Chinese Power Animals: Archetypes of Transformation
Pamela Leigh Powers
Some things just don’t translate well across cultures–or, at least, the execution could be better. This is one of those things. This book is one of a number out there on Chinese astrology–you know, Year of the Fire Horse, Year of the Metal Dragon, etc.–that tries to make the system available to Westerners. The author takes elements of this system, and then adds them into a rather awkward synthesis along with Western astrology and New Age-flavored animal totemism.
Don’t get me wrong–I like new and interesting ideas. The problem is that the context of Chinese astrology, and various Chinese and other Asian healing systems, isn’t nearly as solid in this book as it needs to be to help people understand the why of the material. We’re left instead with an incomplete and sometimes confusing collection of quick-fix correspondences, and not enough answers.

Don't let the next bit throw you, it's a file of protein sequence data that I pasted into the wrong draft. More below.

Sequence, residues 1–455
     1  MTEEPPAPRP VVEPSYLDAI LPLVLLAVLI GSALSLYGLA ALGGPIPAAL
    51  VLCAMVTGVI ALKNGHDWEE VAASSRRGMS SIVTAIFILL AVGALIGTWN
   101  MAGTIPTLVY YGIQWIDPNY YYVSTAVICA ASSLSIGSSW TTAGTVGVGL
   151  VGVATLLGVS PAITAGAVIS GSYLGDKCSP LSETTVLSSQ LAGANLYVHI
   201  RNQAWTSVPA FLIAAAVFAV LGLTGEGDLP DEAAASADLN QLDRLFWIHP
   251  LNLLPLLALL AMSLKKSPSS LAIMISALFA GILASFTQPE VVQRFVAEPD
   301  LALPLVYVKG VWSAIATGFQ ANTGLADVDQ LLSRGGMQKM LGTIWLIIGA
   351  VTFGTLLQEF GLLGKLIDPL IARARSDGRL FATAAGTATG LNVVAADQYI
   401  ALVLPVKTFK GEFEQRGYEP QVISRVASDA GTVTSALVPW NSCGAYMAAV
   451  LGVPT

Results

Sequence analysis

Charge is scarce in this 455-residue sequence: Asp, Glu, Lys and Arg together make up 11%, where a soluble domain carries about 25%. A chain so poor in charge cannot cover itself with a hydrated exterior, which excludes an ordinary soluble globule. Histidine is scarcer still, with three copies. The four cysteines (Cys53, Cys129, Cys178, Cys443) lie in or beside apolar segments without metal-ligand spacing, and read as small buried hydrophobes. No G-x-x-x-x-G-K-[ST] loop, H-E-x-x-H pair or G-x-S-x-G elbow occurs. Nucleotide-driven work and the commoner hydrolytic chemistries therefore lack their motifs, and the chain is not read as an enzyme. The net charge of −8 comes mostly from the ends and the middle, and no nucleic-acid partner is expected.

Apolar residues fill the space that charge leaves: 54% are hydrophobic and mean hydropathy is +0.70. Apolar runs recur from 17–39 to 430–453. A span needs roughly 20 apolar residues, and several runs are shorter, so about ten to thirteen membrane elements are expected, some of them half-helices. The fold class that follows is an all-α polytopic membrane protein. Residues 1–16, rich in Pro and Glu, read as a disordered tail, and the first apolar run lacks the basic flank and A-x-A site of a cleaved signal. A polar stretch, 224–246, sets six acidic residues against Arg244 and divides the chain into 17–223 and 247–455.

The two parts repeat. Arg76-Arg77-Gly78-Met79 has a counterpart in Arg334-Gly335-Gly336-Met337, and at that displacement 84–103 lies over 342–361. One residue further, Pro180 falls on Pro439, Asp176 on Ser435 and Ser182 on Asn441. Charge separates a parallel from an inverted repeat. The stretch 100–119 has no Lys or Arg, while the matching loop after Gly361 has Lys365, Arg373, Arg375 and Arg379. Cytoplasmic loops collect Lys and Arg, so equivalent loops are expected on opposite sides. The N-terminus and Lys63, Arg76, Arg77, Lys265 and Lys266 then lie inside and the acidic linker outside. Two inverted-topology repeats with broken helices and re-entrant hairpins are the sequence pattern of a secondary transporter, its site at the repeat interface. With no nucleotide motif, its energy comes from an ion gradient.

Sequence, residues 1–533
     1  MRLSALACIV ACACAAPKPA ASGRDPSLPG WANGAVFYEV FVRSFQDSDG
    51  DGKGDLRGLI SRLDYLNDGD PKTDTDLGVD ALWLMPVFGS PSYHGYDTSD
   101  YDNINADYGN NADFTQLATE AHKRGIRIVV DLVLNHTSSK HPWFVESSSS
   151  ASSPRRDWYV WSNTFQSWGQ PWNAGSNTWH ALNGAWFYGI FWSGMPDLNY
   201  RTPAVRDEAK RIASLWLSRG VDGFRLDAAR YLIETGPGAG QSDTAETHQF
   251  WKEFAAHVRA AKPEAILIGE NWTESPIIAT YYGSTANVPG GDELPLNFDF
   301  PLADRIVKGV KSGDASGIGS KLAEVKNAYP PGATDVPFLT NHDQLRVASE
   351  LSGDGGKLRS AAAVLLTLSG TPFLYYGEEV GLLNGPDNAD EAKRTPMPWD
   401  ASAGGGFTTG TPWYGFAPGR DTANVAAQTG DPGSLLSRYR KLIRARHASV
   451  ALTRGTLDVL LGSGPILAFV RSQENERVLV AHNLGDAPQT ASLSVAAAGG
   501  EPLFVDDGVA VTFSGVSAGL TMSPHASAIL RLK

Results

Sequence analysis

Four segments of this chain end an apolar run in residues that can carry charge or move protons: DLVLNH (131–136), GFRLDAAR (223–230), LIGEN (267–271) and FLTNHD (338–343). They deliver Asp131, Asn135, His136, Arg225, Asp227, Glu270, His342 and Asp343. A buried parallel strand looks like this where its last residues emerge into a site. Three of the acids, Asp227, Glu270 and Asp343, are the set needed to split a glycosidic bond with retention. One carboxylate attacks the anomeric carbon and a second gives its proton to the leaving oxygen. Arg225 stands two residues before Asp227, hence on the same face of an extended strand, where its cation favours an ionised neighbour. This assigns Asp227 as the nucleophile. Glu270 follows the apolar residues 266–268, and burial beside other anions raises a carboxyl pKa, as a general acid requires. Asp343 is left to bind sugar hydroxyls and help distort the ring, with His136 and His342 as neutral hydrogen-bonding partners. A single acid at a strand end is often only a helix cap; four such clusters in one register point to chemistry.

For example, in talking about different relationships, the author says things like “The Horse has a Cat for a father”, regardless of the actual birth year or personality of the Horse person’s father himself. This makes no sense. And in fact, the whole system falls prey to the common pitfall associated with trying to make Chinese astrology “work” in the U.S.–it becomes a “You’re a [insert animal here], so therefore that means you are [insert stereotyped traits here]”. Because we don’t have the cultural contextual background to really get where these concepts came from, they end up oversimplified.
This could have been a much better book, but it feels slapped together out of convenience and connections between concepts that may or may not actually be relevant to each other. I was unimpressed.
One pawprint out of five.